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Re: separator/seperator Re: About XHTML 2.0

From: Jukka K. Korpela <jkorpela@cs.tut.fi>
Date: Fri, 3 Jun 2005 19:09:49 +0300 (EEST)
To: www-html@w3.org
Message-ID: <Pine.GSO.4.58.0506031854120.28286@korppi.cs.tut.fi>

On Fri, 3 Jun 2005, Orion Adrian wrote:

> Can you give me an example of anywhere, anywhere that styling groups
> of paragraphs has been used other than in the case of separators. Then
> ask yourself, how rare are those?

How often have lines been styled other than by separators (line breaks)?
Well, rather often in fact, but people don't think about that if they have
to use separators, <br />, and not containers.

Paragraph groups are actually styled rather often. For example, in a book,
italics might be used for a passage (group of paragraphs) to indicate it
as different from the main flow of narration. Or a passage might be
printed indented and in smaller font to indicate it as less important.

Or think about the case where <hr /> has been used especially often
on Web pages, to separate the document proper from some authorship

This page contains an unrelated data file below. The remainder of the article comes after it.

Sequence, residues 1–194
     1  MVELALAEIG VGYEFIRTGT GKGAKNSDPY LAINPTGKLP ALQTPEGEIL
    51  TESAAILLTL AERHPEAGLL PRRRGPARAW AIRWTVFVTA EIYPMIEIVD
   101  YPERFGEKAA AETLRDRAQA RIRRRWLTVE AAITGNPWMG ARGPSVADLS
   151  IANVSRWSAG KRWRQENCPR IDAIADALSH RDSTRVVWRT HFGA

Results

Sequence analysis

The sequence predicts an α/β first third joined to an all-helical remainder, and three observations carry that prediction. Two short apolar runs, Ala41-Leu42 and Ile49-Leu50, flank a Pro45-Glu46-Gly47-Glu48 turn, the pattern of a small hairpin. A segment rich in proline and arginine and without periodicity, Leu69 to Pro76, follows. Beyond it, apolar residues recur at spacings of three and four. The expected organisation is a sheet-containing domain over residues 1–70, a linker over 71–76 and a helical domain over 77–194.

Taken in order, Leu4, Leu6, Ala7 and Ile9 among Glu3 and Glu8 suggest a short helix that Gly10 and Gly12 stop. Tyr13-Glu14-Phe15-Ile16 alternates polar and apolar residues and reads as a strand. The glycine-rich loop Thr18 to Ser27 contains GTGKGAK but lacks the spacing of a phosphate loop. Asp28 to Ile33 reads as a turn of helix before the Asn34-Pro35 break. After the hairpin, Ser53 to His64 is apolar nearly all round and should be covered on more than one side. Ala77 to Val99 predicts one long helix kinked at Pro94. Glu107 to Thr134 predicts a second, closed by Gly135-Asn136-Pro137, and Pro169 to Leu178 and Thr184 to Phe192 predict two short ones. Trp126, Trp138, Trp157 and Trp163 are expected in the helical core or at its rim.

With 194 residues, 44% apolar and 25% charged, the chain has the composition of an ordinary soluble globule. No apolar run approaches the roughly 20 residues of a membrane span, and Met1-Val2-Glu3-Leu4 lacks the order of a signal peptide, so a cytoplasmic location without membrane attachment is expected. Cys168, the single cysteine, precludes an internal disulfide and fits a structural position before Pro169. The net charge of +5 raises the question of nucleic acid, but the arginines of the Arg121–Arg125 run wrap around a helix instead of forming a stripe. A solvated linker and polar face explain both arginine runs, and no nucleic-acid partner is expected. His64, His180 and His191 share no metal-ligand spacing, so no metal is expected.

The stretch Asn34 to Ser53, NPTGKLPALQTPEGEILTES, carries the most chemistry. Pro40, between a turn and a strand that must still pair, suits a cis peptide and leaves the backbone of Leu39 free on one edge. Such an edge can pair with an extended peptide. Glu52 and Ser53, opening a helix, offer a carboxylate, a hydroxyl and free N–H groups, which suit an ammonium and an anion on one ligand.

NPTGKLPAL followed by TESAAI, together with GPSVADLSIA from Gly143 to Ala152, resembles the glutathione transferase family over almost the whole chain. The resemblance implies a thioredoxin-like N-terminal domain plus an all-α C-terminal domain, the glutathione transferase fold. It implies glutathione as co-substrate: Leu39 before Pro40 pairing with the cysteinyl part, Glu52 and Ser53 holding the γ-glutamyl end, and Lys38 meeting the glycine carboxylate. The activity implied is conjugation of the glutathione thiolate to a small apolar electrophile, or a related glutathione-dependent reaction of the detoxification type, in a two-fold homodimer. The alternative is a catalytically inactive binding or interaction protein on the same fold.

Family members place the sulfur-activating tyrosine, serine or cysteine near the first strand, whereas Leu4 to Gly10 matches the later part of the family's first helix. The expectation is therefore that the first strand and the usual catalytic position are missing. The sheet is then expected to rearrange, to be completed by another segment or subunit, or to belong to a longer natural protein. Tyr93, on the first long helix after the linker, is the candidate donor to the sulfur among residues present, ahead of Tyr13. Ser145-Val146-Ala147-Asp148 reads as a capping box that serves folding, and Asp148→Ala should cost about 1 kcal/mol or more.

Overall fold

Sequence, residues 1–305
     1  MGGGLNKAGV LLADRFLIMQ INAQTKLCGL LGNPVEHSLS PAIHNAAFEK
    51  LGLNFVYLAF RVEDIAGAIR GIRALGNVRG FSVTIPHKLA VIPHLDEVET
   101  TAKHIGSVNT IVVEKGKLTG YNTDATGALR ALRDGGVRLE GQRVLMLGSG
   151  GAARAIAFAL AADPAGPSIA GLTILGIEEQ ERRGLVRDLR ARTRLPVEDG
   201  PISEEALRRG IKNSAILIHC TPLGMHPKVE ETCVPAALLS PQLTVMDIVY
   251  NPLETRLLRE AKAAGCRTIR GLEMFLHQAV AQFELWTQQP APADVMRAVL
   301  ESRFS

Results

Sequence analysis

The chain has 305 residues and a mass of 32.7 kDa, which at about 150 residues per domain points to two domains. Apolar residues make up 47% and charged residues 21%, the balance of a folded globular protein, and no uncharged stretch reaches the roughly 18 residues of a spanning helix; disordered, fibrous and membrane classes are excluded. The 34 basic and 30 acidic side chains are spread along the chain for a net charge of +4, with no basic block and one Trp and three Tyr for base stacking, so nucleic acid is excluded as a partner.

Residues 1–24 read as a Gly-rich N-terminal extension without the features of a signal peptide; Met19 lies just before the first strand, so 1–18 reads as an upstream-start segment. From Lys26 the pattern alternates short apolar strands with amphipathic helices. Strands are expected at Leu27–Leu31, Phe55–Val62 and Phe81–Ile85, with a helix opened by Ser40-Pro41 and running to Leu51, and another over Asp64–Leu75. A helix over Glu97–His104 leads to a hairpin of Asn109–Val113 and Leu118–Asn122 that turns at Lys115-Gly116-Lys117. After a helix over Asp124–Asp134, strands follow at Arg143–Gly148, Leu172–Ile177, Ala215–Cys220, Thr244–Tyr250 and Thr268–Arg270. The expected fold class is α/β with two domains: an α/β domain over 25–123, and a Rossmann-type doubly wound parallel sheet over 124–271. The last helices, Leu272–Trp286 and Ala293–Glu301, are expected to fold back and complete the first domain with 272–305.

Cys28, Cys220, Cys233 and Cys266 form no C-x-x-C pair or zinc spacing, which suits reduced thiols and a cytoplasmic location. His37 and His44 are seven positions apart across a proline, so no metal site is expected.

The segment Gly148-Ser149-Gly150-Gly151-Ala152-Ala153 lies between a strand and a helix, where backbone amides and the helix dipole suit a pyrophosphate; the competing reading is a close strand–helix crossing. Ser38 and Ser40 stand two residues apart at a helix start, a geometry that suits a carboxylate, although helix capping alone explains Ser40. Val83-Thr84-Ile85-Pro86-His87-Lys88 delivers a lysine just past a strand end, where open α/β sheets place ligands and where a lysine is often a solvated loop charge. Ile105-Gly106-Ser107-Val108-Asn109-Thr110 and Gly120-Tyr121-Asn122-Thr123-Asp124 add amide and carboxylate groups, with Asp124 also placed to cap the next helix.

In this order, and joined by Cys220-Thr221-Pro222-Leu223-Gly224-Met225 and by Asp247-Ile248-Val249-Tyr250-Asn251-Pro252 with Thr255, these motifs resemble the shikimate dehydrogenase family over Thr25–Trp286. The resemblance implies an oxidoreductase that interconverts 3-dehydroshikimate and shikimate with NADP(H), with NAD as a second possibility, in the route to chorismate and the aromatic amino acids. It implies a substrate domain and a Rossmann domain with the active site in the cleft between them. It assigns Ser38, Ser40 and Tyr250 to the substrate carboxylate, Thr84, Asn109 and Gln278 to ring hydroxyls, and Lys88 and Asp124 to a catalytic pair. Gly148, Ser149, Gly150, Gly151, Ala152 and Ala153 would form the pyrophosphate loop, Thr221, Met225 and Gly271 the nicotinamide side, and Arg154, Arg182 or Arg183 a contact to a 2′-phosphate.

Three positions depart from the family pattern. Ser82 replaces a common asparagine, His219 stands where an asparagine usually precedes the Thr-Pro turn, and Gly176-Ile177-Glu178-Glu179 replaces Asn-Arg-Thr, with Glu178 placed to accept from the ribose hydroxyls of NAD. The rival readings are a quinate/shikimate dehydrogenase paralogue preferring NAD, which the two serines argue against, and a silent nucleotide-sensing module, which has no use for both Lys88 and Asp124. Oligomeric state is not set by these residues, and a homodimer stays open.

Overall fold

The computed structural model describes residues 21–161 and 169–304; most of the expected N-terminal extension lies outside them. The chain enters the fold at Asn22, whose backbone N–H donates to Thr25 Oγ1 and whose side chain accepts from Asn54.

information and notes on the document (last update, etc.). Usually that
content is in small print, or should be, or at least could be. In fact, a
horizontal rule might be rather unnecessary.

> Empty elements do not garuntee a move into presentation and I'll prove
> it right now.
> <img>
> Wow, what a shocker.

Indeed, it proves just the opposite of your claim. The <img> element was
badly designed (or just invented) from the beginning. HTML 4 tried to
replace it by <object>, which is _not_ an empty element, but failed since
people were used to <img> and browsers sabotaged <object> with horrendous

> Empty elements as SMGL spec says represent
> replaced content

Yes, that was the original idea - for purposes other than those of HTML.
There was never any good reason to make <img> an empty element, as the
more recent history shows

> like our wonderful <separator>/<transition>/<sep>
> element (whatever you want to call it).

No, that's not what the original SGML idea means, not at all. It's not a
placeholder for content that comes from somewhere else. It's just
presentational markup (in more disguise than <hr>, which was naively
honest in its _name_).

> What content data am I throwing into attributes? I don't even
> undestand this one.

Think about <meta>. Or even <img>. Surely the alt attribute's value is
(alternate) _content_, not a property of the element.

Jukka "Yucca" Korpela, http://www.cs.tut.fi/~jkorpela/
Received on Friday, 3 June 2005 16:09:55 UTC

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